While out running recently my mind wandered to my career. As I thought about each company and all the people I challenged myself to name the single most important lesson learned at each. Here goes (endorphins and all):
This one is simple --- Dow Corning hires really smart people. Not just scientists. But smart accountants, smart marketers, you name it.
I remember Jim Leyland (ex-Detroit Tigers baseball manager) saying that he could turn a .300 hitter into a .400 hitter but couldn’t turn a .200 hitter into a .300 hitter. Talent matters. And smarts matter. Dow Corning was filled with both.
Take a look around. Are you always the smartest one in the room? If you are, then you are in trouble.
Question: Have you surrounded yourself with really smart people? Take a look around.
Herman Miller is an interesting company period. Many takeaways but the biggest lesson without a doubt was the importance of being about something.
Miller is about design. Their loyalty to great design is without question. Nothing else matters really. Great design is so deeply rooted in their DNA they couldn’t be about something else even if they wanted to be.
Question: Is it clear what you are about?
Prince is a company I started in 1997. There I learned the creative powers of combining products and services that had not previously been combined.
At Prince, we combined several steps of a highly fragmented manufacturing supply chain and put them under one roof. That simple.
However, in doing so we significantly reduced cost (primarily logistics) and created a whole new solution for our customers. A simple one-stop-shop outsource manufacturing service. Customers began outsourcing entire product lines.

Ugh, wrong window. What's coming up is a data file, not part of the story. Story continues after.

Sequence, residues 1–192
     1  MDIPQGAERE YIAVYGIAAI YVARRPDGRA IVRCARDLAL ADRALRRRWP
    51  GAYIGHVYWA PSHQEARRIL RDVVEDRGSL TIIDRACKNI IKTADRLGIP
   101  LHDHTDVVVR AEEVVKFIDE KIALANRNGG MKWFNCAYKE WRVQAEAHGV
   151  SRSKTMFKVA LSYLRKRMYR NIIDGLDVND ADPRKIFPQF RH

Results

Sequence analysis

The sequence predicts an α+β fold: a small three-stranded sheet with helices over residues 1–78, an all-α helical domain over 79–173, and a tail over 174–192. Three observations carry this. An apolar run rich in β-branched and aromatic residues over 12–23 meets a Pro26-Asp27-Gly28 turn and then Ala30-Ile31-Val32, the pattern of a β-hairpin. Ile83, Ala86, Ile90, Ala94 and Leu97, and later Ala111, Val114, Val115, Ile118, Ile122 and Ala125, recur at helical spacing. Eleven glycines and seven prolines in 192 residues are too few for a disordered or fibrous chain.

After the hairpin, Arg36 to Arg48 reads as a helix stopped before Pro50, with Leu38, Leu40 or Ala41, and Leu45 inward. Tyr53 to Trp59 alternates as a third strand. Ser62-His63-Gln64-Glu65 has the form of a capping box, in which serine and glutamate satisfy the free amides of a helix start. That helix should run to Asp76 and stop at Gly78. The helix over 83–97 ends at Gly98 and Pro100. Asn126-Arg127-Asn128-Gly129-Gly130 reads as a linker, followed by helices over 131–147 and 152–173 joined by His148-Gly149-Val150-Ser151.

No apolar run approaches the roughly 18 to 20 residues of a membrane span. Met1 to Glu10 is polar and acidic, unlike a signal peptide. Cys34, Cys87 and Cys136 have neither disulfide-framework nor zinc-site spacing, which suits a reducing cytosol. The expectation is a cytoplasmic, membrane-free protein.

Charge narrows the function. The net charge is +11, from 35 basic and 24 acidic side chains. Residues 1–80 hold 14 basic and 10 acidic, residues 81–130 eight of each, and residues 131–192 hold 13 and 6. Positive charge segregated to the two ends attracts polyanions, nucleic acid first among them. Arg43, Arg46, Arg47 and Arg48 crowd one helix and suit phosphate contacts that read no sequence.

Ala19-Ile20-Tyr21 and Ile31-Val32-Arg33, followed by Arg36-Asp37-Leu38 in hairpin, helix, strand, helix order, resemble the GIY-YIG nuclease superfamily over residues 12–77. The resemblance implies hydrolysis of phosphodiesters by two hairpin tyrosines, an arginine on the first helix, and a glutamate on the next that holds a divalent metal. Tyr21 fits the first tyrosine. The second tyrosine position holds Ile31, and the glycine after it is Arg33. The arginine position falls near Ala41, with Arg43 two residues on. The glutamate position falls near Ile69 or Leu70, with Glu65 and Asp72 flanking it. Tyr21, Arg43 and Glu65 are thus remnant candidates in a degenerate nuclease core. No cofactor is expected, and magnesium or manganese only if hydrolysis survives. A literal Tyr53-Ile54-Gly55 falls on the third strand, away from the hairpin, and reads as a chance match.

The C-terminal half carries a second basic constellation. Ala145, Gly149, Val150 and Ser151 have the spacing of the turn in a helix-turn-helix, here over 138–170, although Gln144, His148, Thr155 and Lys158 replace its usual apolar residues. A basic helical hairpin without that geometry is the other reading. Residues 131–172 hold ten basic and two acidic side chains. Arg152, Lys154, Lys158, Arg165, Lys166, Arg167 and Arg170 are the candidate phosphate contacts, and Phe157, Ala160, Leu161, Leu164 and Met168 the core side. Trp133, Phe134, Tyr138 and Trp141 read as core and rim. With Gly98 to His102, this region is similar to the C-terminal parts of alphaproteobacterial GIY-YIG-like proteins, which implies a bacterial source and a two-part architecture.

Combining things for the sake of combining does not make sense. I know a store that sells bottled water, used prom dresses and satellite dishes. Seriously.
Smartly combing products and services can be hugely successful. Think peanut butter and chocolate.
Question: Are there products / services you could combine with your products / services?
The importance of setting the bar high and not blinking, a lesson learned at Trendway, has been the defining characteristic of my leadership style ever since.
In an industry saturated with me-too products, Trendway chose to separate itself from the pack through true world-class service.
Their on-time delivery performance is so good they offer the industry’s only On-Time-Or-Free Delivery guarantee. The employees simply refuse to be late. It’s personal.
On-Time-Or-Free. That’s putting your money where your mouth is. It is also setting the bar high.
Question: Have you set the bar high enough?
Falcon is a company I started in 2004. Creating a high-performing sales-channel is the biggest challenge facing most start-ups. Going it alone is expensive and it takes a very, very long time. Years. I know. I did it.
Most start-ups seek out an existing channel and then give away the store fighting for attention.
Another approach is to form a go-to-market partnership with non-competitive but aligned businesses. For example, to gain access to non-government market segments, Falcon partnered with several equipment and material manufacturers already established as leading providers.
What made this strategy work is it was mutually beneficial. Falcon got access to the non-government market segments while the go-to-market partners got access to government market segments through Falcon.
Ask around and I bet you will find that most small businesses have the same problem you do.
Question: Have you considered go-to-market alliances?
I share small business tips and lessons that I've learned from 40 years of business experience in both starting and running companies.
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Thanks for reading, seriously, I mean it.